A matter of national sovereignty?
In early June, during an appearance on a TV show, Erdogan was asked to respond to Greece’s reaction to his threats of converting Hagia Sophia into a mosque. In his trademark style, the Turkish president burst out, “They dare telling us not to transform Hagia Sophia into a mosque. Are you ruling Turkey — or are we?”
Erdogan thus framed the issue as a matter of national sovereignty. He continued by proclaiming that the Turkish courts will make the final decision on Hagia Sophia’s status on July 2, and that the Turkish government would proceed according to that ruling.
The court case being decided
Erdogan’s statement is a reference to an ongoing legal case that a private association brought to Turkey’s Council of State to open Hagia Sophia for Islamic prayers.
Back in 2005, the same court had denied a similar case demanding Hagia Sophia’s transformation into a mosque. However, there is now a worrying legal precedent to be concerned about.
In 2019, the court ruled in favor of revoking the museum status of Chora, a Byzantine church in Istanbul that shared Hagia Sophia’s fate of conversions first into a mosque and then into a museum.
The AKP government converted Hagia Sophia’s namesakes in Iznik and Trabzon into functioning mosques in 2011 and 2013, respectively, after serving as museums for decades. From a legal perspective, Hagia Sophia’s status as a museum is more precarious than ever.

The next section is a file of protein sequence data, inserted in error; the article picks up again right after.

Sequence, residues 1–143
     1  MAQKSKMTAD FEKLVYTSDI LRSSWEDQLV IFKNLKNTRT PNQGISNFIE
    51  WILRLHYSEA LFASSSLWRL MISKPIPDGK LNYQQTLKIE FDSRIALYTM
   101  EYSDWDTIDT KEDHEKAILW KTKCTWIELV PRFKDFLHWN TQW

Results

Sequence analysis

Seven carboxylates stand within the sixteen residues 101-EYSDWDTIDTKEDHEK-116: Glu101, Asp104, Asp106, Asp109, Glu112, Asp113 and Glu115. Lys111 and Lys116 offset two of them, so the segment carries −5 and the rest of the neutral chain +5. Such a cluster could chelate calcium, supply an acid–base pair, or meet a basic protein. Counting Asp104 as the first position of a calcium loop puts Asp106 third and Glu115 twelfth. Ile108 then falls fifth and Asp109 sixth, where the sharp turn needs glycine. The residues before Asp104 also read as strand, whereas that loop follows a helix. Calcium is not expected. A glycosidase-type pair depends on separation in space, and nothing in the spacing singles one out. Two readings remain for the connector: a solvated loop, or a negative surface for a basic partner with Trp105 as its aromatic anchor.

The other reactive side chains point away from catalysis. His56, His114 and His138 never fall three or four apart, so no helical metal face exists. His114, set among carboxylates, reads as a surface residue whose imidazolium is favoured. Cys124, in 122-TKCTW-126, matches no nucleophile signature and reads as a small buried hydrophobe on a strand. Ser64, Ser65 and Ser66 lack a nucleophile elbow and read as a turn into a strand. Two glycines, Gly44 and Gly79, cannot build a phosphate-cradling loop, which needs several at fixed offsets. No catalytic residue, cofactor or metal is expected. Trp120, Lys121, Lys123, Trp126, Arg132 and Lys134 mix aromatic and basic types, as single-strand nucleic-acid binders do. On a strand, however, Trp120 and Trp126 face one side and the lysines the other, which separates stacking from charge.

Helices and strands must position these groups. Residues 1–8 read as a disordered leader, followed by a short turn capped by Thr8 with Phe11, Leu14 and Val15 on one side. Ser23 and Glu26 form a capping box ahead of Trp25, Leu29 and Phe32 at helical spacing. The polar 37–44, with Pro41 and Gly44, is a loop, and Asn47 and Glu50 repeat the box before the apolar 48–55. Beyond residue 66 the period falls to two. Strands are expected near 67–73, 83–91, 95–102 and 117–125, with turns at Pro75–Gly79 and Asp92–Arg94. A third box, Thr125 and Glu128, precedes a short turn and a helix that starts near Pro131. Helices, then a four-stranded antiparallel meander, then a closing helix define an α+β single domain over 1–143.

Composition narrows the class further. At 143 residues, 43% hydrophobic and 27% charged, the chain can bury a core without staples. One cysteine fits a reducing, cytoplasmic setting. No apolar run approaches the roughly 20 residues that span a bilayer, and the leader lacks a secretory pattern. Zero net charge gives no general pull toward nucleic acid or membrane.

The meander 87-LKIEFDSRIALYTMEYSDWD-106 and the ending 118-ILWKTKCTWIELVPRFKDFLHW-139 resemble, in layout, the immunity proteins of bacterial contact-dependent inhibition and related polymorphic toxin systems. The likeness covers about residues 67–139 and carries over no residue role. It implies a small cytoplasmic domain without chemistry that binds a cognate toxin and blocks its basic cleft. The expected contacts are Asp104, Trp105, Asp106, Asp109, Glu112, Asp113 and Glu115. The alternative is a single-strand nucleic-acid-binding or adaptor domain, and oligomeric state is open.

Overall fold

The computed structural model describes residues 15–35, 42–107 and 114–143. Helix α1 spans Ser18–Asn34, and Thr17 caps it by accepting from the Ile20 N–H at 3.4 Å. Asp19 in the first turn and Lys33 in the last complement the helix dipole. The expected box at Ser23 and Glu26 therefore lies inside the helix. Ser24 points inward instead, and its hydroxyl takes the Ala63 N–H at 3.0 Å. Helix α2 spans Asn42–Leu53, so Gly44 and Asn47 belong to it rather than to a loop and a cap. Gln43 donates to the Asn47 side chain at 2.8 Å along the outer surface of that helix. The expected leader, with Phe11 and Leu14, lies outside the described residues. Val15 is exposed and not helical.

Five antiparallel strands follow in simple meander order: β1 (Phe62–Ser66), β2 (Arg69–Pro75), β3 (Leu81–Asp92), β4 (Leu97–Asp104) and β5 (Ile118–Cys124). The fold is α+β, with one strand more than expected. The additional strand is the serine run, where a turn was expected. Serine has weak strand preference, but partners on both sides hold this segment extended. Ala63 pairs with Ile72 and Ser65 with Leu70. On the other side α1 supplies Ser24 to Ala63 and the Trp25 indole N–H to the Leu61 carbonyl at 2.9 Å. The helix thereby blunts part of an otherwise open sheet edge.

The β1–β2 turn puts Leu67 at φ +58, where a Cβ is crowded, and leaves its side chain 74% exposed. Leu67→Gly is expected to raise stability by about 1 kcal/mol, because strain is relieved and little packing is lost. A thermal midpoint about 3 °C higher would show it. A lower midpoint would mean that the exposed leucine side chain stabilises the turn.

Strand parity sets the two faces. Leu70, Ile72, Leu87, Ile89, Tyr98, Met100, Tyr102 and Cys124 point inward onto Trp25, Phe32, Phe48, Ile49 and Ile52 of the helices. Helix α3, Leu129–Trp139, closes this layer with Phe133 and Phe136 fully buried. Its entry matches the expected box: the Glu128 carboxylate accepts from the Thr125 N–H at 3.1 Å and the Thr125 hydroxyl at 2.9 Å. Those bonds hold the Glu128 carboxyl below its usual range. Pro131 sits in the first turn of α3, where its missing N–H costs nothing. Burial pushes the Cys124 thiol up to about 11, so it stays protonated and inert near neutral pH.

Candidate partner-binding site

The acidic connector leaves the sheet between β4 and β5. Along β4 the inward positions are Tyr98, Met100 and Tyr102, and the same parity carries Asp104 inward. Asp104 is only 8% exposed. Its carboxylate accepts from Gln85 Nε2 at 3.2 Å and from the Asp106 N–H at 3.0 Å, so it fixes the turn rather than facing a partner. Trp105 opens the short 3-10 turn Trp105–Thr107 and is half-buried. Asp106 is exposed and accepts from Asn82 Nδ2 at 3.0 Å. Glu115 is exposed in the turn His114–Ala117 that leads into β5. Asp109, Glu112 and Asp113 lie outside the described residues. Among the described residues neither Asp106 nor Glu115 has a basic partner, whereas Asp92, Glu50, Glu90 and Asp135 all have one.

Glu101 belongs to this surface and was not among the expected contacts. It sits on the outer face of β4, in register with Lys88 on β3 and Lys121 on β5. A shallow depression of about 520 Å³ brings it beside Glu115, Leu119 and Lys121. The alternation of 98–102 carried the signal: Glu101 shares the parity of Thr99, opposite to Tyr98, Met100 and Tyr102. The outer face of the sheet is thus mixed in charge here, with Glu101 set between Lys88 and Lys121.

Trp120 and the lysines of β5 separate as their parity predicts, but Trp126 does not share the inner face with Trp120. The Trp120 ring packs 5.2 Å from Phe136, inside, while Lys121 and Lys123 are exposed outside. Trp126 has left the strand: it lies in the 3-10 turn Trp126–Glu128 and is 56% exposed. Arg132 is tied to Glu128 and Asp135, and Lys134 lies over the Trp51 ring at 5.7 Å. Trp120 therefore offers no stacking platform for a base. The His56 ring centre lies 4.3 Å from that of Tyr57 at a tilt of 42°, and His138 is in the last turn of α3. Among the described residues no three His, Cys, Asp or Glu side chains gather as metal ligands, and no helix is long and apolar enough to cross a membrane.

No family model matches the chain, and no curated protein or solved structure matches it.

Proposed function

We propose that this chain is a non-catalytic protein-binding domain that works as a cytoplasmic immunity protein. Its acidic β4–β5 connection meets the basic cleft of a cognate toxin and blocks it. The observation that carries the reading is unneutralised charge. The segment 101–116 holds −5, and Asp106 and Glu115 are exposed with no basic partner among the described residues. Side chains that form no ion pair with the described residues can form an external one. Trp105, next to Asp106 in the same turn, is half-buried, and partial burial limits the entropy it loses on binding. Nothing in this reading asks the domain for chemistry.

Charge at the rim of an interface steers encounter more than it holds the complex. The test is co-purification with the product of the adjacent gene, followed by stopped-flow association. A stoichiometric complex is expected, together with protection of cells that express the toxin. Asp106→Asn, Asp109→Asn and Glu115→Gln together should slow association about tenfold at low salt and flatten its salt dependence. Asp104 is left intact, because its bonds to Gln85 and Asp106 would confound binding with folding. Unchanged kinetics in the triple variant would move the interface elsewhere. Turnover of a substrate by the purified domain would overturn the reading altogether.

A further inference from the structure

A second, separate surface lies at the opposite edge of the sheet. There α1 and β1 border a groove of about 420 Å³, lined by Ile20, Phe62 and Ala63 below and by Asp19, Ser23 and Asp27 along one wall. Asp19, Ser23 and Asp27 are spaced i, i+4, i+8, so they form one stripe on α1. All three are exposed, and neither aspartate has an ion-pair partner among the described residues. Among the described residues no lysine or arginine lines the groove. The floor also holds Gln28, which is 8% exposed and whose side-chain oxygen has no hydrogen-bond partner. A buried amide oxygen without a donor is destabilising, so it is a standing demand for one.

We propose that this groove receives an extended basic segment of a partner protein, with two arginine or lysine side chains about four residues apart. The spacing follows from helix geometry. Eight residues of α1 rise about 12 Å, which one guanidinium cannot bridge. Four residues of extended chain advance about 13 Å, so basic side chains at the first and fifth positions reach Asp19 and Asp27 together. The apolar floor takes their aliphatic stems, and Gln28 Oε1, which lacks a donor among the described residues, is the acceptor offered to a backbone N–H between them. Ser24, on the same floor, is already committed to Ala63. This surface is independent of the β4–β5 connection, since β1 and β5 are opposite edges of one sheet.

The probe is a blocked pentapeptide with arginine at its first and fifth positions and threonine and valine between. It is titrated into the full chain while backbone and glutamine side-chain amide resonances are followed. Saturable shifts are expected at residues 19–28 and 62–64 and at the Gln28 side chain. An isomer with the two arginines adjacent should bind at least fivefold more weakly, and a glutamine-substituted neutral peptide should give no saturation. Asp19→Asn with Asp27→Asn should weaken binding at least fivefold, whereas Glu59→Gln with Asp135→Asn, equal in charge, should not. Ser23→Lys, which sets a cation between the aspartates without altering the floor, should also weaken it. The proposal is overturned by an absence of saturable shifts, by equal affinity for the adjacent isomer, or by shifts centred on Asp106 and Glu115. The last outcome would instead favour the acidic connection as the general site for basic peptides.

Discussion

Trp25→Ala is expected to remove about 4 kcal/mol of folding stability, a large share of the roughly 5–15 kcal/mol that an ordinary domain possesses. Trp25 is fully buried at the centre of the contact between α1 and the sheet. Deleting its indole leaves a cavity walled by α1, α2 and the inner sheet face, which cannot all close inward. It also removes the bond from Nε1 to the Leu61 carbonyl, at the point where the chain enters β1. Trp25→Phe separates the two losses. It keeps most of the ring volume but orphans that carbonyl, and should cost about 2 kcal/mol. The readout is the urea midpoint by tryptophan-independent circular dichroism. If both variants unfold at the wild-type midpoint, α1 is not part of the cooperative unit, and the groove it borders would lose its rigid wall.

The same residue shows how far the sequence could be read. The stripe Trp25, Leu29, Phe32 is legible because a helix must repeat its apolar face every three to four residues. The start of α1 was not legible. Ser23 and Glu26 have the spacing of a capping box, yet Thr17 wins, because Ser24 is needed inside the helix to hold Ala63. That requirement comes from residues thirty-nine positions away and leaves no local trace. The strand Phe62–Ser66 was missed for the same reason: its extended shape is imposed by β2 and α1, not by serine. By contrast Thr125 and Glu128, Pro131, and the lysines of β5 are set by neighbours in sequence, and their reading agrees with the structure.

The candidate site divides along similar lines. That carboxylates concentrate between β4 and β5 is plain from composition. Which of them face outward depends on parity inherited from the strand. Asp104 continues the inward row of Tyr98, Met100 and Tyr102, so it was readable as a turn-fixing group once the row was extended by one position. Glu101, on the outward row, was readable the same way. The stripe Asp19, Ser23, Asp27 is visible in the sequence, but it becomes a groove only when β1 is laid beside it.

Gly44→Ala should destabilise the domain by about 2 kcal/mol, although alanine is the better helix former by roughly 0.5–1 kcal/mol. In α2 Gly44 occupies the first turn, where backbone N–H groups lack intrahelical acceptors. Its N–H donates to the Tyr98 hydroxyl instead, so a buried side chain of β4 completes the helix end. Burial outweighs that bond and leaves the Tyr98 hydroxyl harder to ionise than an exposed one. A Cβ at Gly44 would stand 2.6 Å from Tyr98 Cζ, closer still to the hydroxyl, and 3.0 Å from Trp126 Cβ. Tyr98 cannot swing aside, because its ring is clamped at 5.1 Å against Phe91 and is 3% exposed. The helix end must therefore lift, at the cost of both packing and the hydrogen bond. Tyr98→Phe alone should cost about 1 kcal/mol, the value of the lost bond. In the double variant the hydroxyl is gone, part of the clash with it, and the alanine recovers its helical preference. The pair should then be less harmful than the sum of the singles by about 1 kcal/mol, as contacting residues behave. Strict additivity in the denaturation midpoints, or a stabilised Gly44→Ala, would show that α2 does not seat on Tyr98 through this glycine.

In the days following the celebrations of Istanbul’s conquest, Erdogan ordered his aides at a central executive committee meeting of his party to start devising a plan for changing Hagia Sophia’s status.
Erdogan’s conversion timetable
On June 16, Erdogan discussed with his Presidential Advisory Council plans to hold the first prayers at Hagia Sophia on July 15, shortly after the Council of State ruling expected on July 2.
The Turkish president’s target date, July 15, is the anniversary of the failed-coup attempt of 2016 and is monumentalized each year. Opening Hagia Sophia for worship on this day would make an equally monumental statement.
Over the course of his nearly 18 years in power, Erdogan has never stated his intentions to open Hagia Sophia as a functioning mosque as clearly as he did over the last few weeks.
And he has never before followed up with necessary administrative steps to make this transition a reality.
The museum’s end?
Given the latest push by Erdogan, who is now armed with legal precedents, Hagia Sophia’s conversion into a mosque is increasingly likely.
So far, the alluring prospect of converting Hagia Sophia has served Erdogan well to divert the attention of his voter base away from his political and economic failures.
By the same token, Erdogan’s readiness to fire his one silver bullet by converting the Hagia Sophia to save the day is a clear sign of the severity of his current political predicaments.
Sadly, Erdogan no longer has any competent counsel among his narrowing circle of yes-men to warn him that his move on the Hagia Sophia will create more problems than the ones his ill-advised step would purportedly solve.
This latest move in Erdogan’s ongoing culture war will further polarize Turkey’s deeply divided society while continuing to drift the country away from the West — both politically and economically.
As has been the case in other policy areas, the odds are that Erdogan will make a move that purports to be dynamic and decisive, but in reality only digs him deeper into trouble.